A monstrous move. “The Trump administration said Monday it was ending protections that have allowed more than 260,000 Salvadoran immigrants to live and work in the U.S. since 2001.”
Along with canceling the Deferred Action for Childhood Arrivals policy, this will go down as one of the administration’s most horrific decisions. “ ‘We will lose practically everything’: Salvadorans devastated by TPS decision.”
In a political environment this awful, the number of retirements will increase. “House Foreign Affairs Committee Chairman Ed Royce (R-Calif.) announced Monday that he will retire at the end of this year. Royce is now the eighth House panel chairman to opt against seeking reelection in 2018.”
This plan was so terrible, even the Trump-appointed commissioners nixed it. “The Federal Energy Regulatory Commission on Monday killed a key proposal by Energy Secretary Rick Perry to subsidize coal and nuclear power plants. … Perry had argued that FERC should provide market-based incentives to coal and nuclear power plant owners to make the grid more resilient if faced with the threat of major outages from extreme weather or other problems. The idea was widely opposed by the wider energy industry, from oil and natural gas producers to wind and solar. All five FERC commissioners agreed that Perry’s proposal was not justified under the Federal Power Act’s key criteria for assessing whether a policy is just or reasonable.”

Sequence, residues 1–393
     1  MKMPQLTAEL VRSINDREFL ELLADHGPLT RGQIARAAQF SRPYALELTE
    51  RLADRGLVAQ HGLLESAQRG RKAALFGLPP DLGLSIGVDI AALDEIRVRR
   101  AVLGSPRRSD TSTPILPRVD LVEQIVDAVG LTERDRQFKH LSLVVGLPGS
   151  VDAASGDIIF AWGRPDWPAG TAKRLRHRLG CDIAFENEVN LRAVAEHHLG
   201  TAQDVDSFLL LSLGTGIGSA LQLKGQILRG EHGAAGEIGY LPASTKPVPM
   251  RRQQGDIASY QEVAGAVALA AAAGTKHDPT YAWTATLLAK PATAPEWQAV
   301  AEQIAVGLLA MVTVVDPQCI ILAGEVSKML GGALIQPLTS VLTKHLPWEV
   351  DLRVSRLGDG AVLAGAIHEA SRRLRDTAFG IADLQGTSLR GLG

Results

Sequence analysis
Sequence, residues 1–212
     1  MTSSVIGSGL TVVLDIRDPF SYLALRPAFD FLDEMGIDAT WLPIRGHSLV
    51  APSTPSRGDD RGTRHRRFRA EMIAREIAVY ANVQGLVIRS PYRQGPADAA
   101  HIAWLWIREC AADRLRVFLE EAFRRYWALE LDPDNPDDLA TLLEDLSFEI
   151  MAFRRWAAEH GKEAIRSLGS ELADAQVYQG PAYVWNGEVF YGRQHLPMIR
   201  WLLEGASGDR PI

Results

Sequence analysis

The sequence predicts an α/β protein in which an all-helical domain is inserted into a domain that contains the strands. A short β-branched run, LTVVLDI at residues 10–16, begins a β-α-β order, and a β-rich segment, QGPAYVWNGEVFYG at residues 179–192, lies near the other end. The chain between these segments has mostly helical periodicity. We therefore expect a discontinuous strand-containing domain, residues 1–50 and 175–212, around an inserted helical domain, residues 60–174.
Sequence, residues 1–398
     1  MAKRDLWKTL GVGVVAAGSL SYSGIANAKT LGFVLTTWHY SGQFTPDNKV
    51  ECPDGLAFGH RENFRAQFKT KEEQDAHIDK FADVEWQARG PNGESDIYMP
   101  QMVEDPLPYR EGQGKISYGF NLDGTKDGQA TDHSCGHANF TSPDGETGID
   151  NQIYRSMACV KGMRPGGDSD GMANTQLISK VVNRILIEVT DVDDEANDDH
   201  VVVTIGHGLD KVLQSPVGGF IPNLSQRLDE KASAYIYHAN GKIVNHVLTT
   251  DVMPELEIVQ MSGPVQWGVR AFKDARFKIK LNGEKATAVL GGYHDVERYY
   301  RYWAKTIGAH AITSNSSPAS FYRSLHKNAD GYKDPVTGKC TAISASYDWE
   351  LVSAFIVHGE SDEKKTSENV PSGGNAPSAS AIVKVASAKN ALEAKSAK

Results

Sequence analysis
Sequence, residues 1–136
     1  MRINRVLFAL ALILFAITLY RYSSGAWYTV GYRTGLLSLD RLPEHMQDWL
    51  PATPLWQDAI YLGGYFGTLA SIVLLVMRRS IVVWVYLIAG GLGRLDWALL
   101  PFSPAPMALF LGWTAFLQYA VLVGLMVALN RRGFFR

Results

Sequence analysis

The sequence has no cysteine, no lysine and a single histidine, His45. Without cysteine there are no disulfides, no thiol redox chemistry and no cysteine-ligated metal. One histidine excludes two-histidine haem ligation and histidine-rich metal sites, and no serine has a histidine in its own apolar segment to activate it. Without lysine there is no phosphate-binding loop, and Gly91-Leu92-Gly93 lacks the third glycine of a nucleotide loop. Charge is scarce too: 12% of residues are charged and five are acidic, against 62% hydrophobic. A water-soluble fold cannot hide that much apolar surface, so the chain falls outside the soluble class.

It’s hard to think of a more dreadful witness for any lawyer to defend. “The president is personally in jeopardy for possible obstruction of justice. That, in my view, is what Mueller will eventually subpoena Trump to address under penalty of perjury, either in a deposition or before a grand jury, or by means of written interrogatories, or some combination of the three. Why, then, shouldn’t the president take the proactive step of asking to state his side of the story under oath instead of waiting for Mueller to pounce?” Because he would implicate himself or lie, very likely.
Trump’s attempt at prior restraint is another ghastly attack on democratic norms. “The damage to norms may begin with Trump’s personal outbursts and inclinations, but it does not end there. The acquiescence of congressional Republicans in the president’s conduct, which has sometimes risen to active support, elevates the attack on norms beyond an expression of Trump’s eccentricities. Not a single senior Republican member of Congress has raised a question about the president’s use of threats of litigation against political adversary [Stephen K.] Bannon or media critic Michael Wolff.” Read the whole thing.
Democrats will make a horrid mistake if they don’t insist on a DACA fix as part of the budget deal. “A bipartisan pair of House members have reached a compromise on Deferred Action for Childhood Arrivals and border security — a plan the two unlikely allies hope could provide a ‘foundation’ for a deal President Donald Trump could sign into law.”